Hierarchical linear regressions were carried out to investigate associations between sedentary time, sedentary behaviour patterns and LPA with 10-year CVD risk. Regression models were first adjusted for accelerometer-wear time and current treatment as necessary (i.e., where significant differences were observed in Q-risk score based on current treatment) [Model 1]. As age and gender were used to compute participants Q-risk score, regression analyses were not further-adjusted for these variables (i.e., avoiding over-adjustment). Path coefficients (β) for sedentary behaviour variables and LPA were examined to determine the strength and direction of the associations with 10-year CVD risk. Significance was set at p < .05. The variance in 10-year CVD risk explained by sedentary time, sedentary bout/break parameters, and LPA engagement were determined via observation of R2 values. Where significant associations were observed following initial analyses [i.e., Model 1], models were further adjusted for daily MVPA engagement [Model 2]. Path coefficients were examined to determine whether previously significant associations between sedentary behaviour variables and LPA with 10-year CVD risk were maintained after adjustment for MVPA. Path coefficients representing the relationships between MVPA engagement and 10-year CVD risk were also examined to determine the presence of any significant and independent (of sedentary behaviour patterns and LPA) effects of MVPA on 10-year risk of CVD.
Linear regressions were also conducted to examine associations between sedentary time, sedentary behaviour patterns and LPA with 1) individual CVD risk factors and 2) functional disability. Models exploring these relationships were initially adjusted for age, gender, accelerometer wear-time and current treatment (as appropriate) [Model 1], and further adjusted for MVPA where significant associations were observed [Model 2]. Path coefficients were examined to determine the presence of any significant effects of sedentary behaviour patterns and LPA on individual CVD risk factors and functional disability, independent of MVPA (and vice versa). All analyses were conducted using SPSS.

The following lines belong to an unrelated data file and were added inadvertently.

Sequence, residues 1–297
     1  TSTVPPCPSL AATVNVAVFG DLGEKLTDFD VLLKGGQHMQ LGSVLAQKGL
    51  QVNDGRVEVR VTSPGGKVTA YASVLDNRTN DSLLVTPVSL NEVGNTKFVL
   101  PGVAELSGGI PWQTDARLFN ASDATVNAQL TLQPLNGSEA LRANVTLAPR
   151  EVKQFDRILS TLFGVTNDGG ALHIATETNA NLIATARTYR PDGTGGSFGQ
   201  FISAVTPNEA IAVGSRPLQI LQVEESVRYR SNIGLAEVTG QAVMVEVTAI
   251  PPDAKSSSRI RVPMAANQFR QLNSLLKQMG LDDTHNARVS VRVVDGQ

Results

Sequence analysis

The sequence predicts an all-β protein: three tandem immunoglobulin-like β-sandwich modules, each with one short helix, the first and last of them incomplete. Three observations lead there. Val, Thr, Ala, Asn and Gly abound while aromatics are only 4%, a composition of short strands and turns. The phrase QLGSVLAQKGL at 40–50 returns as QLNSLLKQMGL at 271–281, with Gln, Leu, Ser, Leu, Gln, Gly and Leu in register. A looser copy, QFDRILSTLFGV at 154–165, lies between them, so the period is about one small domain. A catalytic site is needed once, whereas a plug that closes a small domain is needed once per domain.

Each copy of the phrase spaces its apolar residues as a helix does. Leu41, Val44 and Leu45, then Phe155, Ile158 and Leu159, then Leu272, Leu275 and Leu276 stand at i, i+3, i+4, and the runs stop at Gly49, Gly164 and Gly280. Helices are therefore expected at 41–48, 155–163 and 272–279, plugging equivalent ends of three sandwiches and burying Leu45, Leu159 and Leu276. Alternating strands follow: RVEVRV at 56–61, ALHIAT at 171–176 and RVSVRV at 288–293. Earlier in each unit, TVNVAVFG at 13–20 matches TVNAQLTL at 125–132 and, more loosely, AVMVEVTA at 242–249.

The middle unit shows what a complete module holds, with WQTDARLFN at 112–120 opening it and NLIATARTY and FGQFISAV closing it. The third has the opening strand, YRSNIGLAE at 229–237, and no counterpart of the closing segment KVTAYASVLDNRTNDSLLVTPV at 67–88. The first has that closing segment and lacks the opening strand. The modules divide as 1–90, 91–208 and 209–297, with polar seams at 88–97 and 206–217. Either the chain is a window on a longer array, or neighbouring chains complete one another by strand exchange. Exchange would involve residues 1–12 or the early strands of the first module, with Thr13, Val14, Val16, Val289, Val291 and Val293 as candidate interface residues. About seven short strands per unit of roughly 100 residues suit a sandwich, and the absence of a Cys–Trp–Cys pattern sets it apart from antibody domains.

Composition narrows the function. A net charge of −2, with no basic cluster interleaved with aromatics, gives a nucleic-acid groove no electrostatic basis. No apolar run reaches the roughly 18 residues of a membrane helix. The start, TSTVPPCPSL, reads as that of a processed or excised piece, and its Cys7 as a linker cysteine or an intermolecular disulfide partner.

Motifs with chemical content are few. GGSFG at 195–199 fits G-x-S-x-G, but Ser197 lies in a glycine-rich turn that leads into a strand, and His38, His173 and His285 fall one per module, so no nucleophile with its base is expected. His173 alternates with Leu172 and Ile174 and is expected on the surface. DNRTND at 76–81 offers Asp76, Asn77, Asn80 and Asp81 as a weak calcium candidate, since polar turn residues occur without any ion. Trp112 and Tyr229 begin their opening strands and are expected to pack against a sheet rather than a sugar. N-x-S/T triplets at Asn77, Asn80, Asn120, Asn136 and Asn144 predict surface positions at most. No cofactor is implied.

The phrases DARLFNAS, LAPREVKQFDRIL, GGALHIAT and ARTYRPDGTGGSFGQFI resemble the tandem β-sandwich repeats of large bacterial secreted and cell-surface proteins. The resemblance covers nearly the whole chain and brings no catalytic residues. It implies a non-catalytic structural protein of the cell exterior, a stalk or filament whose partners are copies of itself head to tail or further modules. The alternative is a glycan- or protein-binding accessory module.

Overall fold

Included (N = 61) versus excluded (N = 36) participants did not differ in terms of age, or any of the targeted outcomes (all p > .05). Chi-square tests confirmed the distribution of males to females was not significantly different among excluded compared to included participants (X (1) = .27, p = .61). No exclusion bias was observed based on ethnicity (X (1) = .36, p = .55).
Descriptive statistics for included participants’ data are reported in Table 1. Accelerometer data revealed participants spent approximately 8 to 9 h/day sedentary (64.84% of accelerometer wear-time), participated in LPA for 4.5 h/day (32.22% of accelerometer wear-time), and broke up their sedentary time approximately 6 times/h. Interpretation of descriptive data indicated 43% of participants had ≥10% risk of CVD at 10-years based on Qrisk-score. Gender differences were not observed for any sedentary behaviour variables or LPA, but were evident for 10-year risk of CVD (F (1, 53) = 10.62, p = <.01) and HDL-C (F (1, 59) = 9.91, p = <.01, Table 1).
At the time of data collection, the number (%) of participants undertaking different pharmaceutical treatments were as follows; Disease Modifying Anti-Rheumatic Drugs (DMARDS, 53%), anti-TNF therapy (10%), Non-Steroidal Anti-Inflammatory Drugs (NSAIDs, 36%), analgesics (33%), cholesterol lowering medication (23%), medication for hypertension (20%). For each type of medication, one-way ANOVAs demonstrated that overall, targeted outcomes were not significantly different on the basis of current treatment. Exceptions were observed for participants taking cholesterol lowering medication (Q-risk score, F (1, 53) = 5.88, p = .02; M ± SD, yes = 23.54 ± 12.89, no = 13.87 ± 12.87), medication for hypertension (ESR, F (1, 58) = 4.49, p = .04; M ± SD, yes = 1.23 ± 0.33, no = 0.97 ± 0.39; LDL-C, F (1, 58) = 4.13, p = <.05; M ± SD, yes = 0.54 ± 0.11, no = 0.60 ± 0.09; and plasma glucose, F (1, 59) = 10.41, p = <.01; M ± SD, yes = 0.73 ± 0.12, no = 0.66 ± 0.04), and anti-TNF therapy (functional disability, F (1, 58) = 5.85, p = .02; M ± SD, yes = 1.47 ± 0.14, no = 1.25 ± 0.22). Subsequently, regression analyses which sought to examine associations between sedentary time, sedentary behaviour patterns and LPA with these specific outcomes, were adjusted for current treatment regime as appropriate (see Table 3 legend).